The indoor agriculture marketplace is seeing accelerated changes during times of Covid-19 and concern for climate change. The need for food security is causing a lot of places to start vertical and hydroponic growing systems indoors. These systems are allowing farms to produce A-grade food without needing soil and as much water resources. The food also gets to be distributed locally. Many hobbyists are also getting into these trends. The need for change is sparking a lot of innovation.

Key Takeaways:

  • A new webinar series will focus on the big trends happening with indoor farming.
  • The webinar series takes the place of a convention that was cancelled because of the pandemic.
  • Trends include things demanded by customers like plant protein, the use of robotics, and more.

“From COVID-19 to climate change to food security concerns, there are a number of factors accelerating megatrends shaping the indoor agriculture marketplace”

Read more: https://www.greenhousegrower.com/production/what-are-the-megatrends-shaping-indoor-farming/

Greenhouses could help expand the growth of strawberries. There are already some varieties of strawberries that help the strawberry season last until October, and there are some varieties that only last until June. With the help of the greenhouse, production of strawberries could grow exponentially and help out with the supply of them for a lot longer than just a few months.The indoor strawberry may even perform better when it comes to the growth and quality of the fruit.

Key Takeaways:

  • Ontario farmers may be growing more strawberries to serve an existing need.
  • Growing strawberries in greenhouses can make the berries available year-round.
  • Read on for more plans and some challenges that the strawberry growers face.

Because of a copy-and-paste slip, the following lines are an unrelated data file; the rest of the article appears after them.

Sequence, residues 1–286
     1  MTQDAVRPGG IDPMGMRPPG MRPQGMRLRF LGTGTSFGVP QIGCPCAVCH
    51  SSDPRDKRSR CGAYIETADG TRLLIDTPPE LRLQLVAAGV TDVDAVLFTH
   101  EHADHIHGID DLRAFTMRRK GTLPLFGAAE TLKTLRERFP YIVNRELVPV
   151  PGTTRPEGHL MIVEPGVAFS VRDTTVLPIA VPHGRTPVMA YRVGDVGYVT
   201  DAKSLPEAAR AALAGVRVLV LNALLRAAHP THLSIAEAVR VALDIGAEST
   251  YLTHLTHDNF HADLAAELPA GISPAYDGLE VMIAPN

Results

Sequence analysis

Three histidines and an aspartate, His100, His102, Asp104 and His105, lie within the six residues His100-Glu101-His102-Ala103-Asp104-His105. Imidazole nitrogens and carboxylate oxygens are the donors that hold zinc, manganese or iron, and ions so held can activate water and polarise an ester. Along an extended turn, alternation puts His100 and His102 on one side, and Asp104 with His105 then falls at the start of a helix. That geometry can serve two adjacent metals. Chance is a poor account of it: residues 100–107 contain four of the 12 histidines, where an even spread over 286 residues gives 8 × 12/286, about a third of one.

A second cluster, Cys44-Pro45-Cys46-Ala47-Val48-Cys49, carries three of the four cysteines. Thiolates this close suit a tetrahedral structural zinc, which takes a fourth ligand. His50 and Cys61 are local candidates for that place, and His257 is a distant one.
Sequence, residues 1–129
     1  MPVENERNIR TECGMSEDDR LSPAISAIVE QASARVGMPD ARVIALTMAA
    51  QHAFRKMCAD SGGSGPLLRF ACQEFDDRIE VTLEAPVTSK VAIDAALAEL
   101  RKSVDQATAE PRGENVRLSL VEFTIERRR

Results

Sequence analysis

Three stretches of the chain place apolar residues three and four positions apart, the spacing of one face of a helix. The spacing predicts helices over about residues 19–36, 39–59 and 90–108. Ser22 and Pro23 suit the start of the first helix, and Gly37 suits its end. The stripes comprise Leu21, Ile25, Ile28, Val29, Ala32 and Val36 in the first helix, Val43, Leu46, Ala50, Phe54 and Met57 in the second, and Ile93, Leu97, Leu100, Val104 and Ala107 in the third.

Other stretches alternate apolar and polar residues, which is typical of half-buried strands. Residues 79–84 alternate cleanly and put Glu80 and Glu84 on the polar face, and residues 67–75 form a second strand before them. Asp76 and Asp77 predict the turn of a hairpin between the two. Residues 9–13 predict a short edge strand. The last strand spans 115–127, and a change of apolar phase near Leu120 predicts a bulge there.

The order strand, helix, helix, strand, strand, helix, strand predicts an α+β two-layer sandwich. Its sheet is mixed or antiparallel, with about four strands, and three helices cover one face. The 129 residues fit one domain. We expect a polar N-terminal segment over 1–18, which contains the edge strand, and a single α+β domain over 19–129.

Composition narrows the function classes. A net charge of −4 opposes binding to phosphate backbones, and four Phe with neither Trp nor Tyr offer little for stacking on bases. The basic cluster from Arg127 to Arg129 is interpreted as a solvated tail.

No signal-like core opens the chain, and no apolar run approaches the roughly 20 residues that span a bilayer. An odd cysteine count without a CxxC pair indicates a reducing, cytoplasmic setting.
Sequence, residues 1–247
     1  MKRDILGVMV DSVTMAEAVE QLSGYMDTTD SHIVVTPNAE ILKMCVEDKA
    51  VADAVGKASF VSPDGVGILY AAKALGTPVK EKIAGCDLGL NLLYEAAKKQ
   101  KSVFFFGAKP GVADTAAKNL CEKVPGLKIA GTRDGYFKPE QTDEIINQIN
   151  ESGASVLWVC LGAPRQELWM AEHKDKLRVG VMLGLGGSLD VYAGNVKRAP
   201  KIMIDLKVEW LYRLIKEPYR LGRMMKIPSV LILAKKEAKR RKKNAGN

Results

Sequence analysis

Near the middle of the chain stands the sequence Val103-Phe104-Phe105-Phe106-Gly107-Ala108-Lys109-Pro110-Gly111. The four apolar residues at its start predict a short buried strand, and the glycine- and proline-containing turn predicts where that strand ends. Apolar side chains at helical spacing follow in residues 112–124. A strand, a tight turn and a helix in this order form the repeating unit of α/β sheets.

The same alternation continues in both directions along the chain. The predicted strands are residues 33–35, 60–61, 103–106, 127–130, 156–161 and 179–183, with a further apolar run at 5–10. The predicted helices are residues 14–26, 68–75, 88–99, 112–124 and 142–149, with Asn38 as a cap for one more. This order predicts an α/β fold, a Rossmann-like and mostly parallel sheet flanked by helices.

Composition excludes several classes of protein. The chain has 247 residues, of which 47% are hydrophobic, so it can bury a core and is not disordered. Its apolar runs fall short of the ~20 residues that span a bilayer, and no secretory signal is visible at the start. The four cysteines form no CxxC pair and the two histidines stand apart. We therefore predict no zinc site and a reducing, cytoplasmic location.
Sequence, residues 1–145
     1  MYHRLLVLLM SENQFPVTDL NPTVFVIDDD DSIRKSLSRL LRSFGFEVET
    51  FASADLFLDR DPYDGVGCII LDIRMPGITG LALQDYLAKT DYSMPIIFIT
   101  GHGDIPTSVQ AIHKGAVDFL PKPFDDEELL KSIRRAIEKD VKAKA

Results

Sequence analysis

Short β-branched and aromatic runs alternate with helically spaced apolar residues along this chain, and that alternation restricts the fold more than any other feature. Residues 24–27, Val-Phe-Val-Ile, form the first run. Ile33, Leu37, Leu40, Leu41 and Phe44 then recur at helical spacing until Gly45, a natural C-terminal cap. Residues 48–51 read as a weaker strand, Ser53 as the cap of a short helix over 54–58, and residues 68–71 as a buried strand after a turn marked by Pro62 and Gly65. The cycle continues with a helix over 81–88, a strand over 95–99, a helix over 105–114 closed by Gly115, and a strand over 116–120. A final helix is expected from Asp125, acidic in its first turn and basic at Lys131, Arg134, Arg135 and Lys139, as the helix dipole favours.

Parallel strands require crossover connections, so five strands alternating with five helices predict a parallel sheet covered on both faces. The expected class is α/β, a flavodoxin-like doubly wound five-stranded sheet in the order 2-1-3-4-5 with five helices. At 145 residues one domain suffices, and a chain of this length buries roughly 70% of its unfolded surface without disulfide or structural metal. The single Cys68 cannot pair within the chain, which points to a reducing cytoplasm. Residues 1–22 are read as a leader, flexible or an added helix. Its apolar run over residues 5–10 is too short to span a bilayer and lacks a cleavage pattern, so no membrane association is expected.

“Traditional perennial varieties are called June strawberries, named after the month they start to have harvestable fruit.”

Read more: https://www.greenhousecanada.com/greenhouse-and-field-strawberry-production-could-supply-50-per-cent-of-ontarios-needs/

A company in Rochester is growing mushrooms out of sawdust. RIT graduate, George Zheng, discovered a way to grow Blue Oyster, Lion’s Mane, and Shiitake mushrooms on sawdust grow packs. The innovation has garnered his company a chance at one million dollars as a finalist for the Grow-NY Initiative. 

Key Takeaways:

A company in Rochester, NY is growing mushrooms from sawdust in grow packs.

The mushrooms they are producing are Blue Oyster, Lion’s Mane, and Shiitake mushrooms.

The innovation has made them a finalist in the Grow-MY Initiative. The grand prize is one million dollars. The winner is to be announced next month.

Quote: “RIT grad George Zheng jokes that he’s a proud mushroom dad. He’s figured out a way to grow premium mushrooms on American hardwoods. Yes, Leep grows specialty mushrooms in sawdust grow packs.” (Mills, 2020)

Link to article: www.spectrumlocalnews.com/nys/rochester/business/2020/10/06/chili-business-grows-organic-specialty-mushrooms-in-american-hardwoods

#verticalfarming #regenerativefarming #grow-ny #urbangardening #sustainability #growhigher

The COVID-19 disruption has exposed supply chains to volatility rarely seen before. Indoor vertical farming promises to shorten food supply chains by bringing food production closer to consumers. It also uses far less land and water, and no pesticides. The problem with vertical farming is the huge amount of energy required to power the indoor facilities. A possible solution lies in microgrids, which localize power generation and bring multiple clean energy benefits. Setting up microgrids requires a lot of upfront capital, but innovative business models like energy-as-a-service have helped to make the investment more attainable.

Key Takeaways:

  • Vertical farming is taking off as an alternative in large part because of the panic around the pandemic.
  • Most vertical farms use microgrids to supply their specific energy needs.
  • There are business models in place to help small farms secure microgrids and the technology they need.

“Despite the major advantages, there is one looming barrier to mainstream adoption: the process is very energy intensive.”

Read more: https://pv-magazine-usa.com/2020/06/16/sustaining-the-future-of-indoor-vertical-farming-with-microgrids/